While testing MySQL, however same code still in MariaDB, I came across this performance problem where loading the global variables btr_search_enabled. The load of this memory location was a hot point in the code.
It turns out during compilation that btr_search_enabled was placed on a shared cache line address as ut_rnd_ulint_counter and the system was extensively using random numbers. The result is that a critical path of innodb was slow as this global variable was frequently expelled from the CPU caches and access was only granted to read it to one of the CPUs at a time.
This is a more general problem that SQL global variables are mostly read only and there is a proliferation of statistics counters and other static variables that could be innocently placed beside a C++ variable in the linker stage.
To resolve this, a similar mechanism to the linux kernel is used to use attributes to mark global variables that are read_mostly and put them in the same section. Because they are in the same section they are prevented from false sharing with other static variables.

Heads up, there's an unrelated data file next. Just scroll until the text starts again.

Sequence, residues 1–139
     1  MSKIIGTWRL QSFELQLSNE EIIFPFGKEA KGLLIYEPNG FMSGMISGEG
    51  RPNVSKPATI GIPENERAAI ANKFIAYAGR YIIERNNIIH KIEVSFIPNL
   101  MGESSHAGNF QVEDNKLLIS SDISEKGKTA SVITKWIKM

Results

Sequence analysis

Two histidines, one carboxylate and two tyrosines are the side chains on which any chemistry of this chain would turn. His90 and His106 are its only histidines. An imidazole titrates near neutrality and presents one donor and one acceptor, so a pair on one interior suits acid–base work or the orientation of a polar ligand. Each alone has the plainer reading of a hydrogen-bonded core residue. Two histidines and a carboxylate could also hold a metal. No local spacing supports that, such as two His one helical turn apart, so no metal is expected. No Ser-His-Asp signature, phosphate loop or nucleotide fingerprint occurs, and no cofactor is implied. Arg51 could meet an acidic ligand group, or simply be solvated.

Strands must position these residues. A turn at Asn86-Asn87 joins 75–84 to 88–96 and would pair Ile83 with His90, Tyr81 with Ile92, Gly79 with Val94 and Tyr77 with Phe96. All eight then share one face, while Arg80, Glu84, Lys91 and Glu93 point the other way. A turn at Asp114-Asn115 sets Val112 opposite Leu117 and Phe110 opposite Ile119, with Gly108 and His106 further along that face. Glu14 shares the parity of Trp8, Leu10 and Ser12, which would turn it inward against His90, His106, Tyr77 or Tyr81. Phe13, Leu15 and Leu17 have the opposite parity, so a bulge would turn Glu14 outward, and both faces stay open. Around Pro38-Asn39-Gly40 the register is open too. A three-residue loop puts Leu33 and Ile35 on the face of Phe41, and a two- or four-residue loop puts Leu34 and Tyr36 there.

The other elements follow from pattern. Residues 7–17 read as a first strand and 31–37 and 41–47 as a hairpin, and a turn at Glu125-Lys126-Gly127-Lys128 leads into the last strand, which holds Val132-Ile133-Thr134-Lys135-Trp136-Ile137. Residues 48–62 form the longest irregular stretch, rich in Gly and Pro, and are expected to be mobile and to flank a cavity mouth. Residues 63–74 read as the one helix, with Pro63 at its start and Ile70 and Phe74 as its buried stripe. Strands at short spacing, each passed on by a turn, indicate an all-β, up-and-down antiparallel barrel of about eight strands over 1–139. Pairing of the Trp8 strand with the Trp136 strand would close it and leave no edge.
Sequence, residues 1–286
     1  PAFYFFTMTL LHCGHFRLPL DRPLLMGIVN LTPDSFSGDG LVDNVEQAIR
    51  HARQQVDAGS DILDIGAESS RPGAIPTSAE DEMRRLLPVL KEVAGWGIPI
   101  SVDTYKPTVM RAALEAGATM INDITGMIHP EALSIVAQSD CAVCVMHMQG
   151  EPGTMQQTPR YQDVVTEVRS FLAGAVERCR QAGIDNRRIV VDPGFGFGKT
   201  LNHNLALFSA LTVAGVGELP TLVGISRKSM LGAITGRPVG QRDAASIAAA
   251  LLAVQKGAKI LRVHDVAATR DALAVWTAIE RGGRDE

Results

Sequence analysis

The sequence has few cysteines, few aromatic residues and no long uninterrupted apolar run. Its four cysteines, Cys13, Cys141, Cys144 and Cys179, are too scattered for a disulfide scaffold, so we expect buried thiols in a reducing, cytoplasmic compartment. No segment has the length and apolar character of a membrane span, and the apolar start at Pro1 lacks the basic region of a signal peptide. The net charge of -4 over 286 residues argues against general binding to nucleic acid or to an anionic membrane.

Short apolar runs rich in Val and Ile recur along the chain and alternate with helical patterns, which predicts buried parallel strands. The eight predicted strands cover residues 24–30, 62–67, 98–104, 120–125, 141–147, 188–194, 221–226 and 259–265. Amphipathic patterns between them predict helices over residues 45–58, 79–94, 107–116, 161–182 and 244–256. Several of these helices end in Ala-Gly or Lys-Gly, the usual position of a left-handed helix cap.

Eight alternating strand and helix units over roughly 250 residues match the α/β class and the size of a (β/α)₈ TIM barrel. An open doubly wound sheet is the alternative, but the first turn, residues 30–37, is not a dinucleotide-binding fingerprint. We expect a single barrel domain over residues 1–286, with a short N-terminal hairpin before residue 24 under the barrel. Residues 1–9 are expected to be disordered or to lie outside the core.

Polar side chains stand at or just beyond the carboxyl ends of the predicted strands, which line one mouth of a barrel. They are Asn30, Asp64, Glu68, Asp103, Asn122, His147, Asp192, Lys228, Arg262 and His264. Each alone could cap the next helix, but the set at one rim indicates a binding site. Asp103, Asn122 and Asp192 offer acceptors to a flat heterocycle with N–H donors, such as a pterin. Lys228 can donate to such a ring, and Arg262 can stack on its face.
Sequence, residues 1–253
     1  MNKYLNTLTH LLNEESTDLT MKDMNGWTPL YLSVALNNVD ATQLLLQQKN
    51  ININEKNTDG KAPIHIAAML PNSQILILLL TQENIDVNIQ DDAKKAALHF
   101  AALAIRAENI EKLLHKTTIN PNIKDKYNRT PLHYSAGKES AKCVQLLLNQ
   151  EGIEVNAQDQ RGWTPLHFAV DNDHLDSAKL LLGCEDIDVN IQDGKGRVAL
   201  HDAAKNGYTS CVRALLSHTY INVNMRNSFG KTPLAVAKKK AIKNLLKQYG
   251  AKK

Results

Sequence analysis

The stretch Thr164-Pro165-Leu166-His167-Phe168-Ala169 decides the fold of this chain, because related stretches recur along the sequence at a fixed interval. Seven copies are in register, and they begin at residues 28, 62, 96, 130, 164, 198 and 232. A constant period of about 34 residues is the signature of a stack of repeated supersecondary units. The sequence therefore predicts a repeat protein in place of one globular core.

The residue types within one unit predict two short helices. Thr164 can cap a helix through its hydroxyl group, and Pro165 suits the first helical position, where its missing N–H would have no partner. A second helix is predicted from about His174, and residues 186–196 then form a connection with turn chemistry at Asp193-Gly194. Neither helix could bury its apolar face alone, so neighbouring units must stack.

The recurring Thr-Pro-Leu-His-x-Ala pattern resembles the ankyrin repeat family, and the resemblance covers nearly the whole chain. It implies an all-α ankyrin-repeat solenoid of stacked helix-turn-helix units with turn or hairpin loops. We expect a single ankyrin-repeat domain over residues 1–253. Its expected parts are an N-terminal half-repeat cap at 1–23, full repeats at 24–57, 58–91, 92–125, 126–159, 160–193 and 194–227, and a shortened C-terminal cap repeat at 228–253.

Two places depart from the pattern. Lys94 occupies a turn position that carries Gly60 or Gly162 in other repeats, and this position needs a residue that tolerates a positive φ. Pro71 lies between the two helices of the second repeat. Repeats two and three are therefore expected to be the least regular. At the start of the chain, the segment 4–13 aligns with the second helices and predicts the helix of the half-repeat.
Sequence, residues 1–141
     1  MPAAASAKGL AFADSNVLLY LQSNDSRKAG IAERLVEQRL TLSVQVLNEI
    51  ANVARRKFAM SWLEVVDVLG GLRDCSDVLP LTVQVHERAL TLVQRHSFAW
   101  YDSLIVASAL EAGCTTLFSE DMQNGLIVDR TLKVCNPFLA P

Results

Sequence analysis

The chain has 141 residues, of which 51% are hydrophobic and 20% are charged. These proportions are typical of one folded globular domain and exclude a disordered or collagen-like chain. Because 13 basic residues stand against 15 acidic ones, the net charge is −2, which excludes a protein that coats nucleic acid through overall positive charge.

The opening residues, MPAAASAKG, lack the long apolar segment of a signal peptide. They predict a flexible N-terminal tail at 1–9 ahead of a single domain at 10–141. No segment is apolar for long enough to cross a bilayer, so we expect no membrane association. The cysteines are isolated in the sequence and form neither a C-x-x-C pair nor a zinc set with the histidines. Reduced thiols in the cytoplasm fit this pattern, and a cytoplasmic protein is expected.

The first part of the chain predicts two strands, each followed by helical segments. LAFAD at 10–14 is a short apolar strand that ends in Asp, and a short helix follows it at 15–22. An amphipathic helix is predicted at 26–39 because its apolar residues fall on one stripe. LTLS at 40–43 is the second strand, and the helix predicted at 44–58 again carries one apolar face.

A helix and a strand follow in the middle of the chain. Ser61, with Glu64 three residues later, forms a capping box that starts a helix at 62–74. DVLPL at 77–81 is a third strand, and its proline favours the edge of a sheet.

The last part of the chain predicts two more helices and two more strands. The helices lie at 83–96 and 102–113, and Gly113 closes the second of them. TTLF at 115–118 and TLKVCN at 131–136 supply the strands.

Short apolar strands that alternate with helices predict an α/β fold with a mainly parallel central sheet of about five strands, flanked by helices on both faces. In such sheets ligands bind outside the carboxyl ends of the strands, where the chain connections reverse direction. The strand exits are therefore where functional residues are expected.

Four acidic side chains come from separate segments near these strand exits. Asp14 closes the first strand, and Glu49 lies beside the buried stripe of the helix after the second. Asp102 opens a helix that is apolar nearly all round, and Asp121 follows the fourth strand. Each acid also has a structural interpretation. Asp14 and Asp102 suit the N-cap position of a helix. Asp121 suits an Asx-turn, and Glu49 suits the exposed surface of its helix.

The attached patch demonstrates this concept, however extending this to every global variable would bit rot and be susceptible to merge conflicts.
As an extension to this, global variables that are copied to session variables could also be in their own section so when the start of the global -> session occurs, they are all the same pre-fetched cache-line.